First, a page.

Thomas Parker

Associate Professor of French and Francophone Studies

-- Vassar College
HWL Affiliation: Emerging Network, Visiting Faculty Fellow
Year Visiting: 
2013 to 2015

Thomas Parker spent the Spring 2014 semester at Duke, hosted by Professor Laurent Dubois in Romance Studies. During this time he developed a transdisciplinary teaching project that engaged Duke faculty and undergraduates in numerous disciplines with the topic of "subnature" (“Subnature” is a word coined by architectural historian David Gissen for aspects of nature that the architectural discipline has traditionally shunned, such as dankness, darkness, mud, weeds, smoke, puddles, dust, debris, crowds, and pigeons. Subnature encapsulates the “problems” architects have attempted to solve, circumvent and avoid in favor of qualities such as light, airiness, cleanliness, and flow.) as applied to food.

Parker returned to Duke in Fall 2014 to coordinate a series of events, Subnature and Culinary Culture, that allowed the Duke community to explore “goût du terroir” (“taste of place”), a term for the distinct flavors imprinted on a food or wine by its physical origin, as well as the social and cultural impacts of incorporating "subnatural" foods into mainstream dining. 

Projects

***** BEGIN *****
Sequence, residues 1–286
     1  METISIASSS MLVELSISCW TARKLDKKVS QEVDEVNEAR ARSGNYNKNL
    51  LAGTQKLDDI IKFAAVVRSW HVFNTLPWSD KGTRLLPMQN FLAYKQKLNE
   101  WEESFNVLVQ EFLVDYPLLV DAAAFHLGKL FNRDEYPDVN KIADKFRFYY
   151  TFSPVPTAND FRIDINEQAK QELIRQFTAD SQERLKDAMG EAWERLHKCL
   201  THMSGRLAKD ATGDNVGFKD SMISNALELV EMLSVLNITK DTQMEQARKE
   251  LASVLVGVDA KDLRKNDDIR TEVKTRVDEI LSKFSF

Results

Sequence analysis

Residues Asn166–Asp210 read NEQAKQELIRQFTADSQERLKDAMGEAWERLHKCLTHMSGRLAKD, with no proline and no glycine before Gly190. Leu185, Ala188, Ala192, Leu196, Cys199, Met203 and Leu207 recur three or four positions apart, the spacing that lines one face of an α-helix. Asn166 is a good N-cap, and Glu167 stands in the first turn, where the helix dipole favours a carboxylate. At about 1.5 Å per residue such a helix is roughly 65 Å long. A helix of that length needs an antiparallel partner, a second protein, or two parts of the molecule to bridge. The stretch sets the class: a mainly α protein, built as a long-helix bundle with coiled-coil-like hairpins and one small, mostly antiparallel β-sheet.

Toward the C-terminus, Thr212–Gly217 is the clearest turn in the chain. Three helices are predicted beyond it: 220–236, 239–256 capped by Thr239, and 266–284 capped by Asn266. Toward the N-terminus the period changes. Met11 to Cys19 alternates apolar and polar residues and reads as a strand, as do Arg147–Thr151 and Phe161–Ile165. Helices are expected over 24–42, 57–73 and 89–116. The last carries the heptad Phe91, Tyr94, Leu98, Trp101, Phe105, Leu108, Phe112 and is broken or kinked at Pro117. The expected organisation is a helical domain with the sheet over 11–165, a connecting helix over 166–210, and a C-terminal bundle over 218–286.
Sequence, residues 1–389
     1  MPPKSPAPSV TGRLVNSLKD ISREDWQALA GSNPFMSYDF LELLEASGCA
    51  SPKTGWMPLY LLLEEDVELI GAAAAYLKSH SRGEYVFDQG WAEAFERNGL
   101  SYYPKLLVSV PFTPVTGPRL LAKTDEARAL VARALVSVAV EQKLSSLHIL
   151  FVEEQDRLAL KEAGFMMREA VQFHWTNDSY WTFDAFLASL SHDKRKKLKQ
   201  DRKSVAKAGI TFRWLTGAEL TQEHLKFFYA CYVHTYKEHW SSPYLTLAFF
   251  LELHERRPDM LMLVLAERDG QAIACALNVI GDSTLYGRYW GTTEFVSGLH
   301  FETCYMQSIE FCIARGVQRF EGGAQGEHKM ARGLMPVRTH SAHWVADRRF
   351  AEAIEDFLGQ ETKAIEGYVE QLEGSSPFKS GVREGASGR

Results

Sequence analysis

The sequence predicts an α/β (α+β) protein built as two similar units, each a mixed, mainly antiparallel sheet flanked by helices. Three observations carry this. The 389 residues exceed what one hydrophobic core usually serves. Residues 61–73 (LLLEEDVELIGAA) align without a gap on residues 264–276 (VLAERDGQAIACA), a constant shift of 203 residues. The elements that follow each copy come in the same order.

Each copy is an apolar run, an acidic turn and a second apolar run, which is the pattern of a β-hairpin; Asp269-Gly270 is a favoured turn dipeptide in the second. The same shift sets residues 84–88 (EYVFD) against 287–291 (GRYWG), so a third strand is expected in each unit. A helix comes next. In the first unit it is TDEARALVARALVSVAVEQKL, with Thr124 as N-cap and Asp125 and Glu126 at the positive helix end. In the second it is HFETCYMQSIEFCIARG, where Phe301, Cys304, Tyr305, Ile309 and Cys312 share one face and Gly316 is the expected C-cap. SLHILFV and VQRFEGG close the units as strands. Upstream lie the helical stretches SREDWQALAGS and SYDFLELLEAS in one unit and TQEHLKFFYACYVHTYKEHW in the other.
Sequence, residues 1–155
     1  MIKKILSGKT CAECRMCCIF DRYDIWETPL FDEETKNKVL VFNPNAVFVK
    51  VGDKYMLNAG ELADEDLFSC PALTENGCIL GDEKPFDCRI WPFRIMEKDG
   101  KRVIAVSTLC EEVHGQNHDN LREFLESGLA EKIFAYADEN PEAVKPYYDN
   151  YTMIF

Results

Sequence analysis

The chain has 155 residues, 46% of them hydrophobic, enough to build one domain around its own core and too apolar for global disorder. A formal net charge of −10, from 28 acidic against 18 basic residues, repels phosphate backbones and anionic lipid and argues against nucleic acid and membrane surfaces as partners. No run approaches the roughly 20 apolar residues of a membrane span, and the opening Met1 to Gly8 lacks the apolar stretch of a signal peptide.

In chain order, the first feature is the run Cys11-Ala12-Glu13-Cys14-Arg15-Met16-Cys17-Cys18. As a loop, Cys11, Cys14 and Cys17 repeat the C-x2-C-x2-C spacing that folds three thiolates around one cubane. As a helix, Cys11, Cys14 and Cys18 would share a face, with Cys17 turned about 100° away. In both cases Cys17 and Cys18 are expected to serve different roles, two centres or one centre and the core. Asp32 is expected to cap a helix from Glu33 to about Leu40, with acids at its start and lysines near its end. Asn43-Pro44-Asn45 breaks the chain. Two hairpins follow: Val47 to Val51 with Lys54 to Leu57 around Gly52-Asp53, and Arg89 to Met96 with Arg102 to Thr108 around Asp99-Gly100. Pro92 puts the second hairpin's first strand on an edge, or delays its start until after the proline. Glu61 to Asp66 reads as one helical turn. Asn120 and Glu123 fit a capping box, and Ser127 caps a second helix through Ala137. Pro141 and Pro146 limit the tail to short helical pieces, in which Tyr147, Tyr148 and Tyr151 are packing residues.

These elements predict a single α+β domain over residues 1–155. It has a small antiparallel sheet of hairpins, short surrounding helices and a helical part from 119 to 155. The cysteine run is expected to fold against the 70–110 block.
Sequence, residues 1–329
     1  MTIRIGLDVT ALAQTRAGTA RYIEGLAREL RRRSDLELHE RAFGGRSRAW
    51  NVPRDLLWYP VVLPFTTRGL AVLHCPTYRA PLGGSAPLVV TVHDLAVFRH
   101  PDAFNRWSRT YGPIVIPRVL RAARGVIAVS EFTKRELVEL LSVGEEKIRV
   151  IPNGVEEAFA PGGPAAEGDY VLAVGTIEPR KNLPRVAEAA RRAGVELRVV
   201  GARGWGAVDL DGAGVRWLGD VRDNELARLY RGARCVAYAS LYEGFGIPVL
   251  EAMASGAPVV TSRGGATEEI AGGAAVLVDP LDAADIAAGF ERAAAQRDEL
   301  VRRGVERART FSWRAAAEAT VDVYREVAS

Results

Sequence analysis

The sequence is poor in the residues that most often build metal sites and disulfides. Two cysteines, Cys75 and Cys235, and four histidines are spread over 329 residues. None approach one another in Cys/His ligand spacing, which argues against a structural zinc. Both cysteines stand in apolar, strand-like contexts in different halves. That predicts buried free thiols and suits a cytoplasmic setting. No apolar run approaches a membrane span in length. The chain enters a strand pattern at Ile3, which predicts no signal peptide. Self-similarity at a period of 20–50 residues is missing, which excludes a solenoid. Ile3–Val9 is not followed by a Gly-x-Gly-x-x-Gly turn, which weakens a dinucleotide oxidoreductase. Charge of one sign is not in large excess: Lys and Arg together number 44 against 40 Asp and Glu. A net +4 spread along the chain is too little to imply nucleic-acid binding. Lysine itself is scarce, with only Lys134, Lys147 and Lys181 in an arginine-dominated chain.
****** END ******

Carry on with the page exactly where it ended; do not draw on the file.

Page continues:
Emerging Networks, Visiting Faculty Fellow
2014-2015
Visiting Faculty Fellow
2017-2017

Highlights

Subnature Featured on the Gastropod Podcast
-- Nov 25 2014
Nicola Twilley, food blogger and contributing writer at the New Yorker, visited Duke to partake in the Subnature and Culinary Culture events this past September. She and journalist Cynthia Graber ... Read More
Subnature and Culinary Culture Kickoff Event
-- Sep 11 2014
The opening event for Subnature and Culinary Culture was on Wednesday, September 3 at the Franklin Center. It began with a lunch that featured seaweed salad and crunchy cricket salt and ended with... Read More
Terroir Tapestries: An Interactive Consumption Project
-- Jan 12 2017
An essay by Jennifer Jacqueline Stratton, a documentary artist and scholar and graduate of Duke’s MFAEDA program, and Ashley Rose Young, a doctoral student in Duke’s history department, was recently... Read More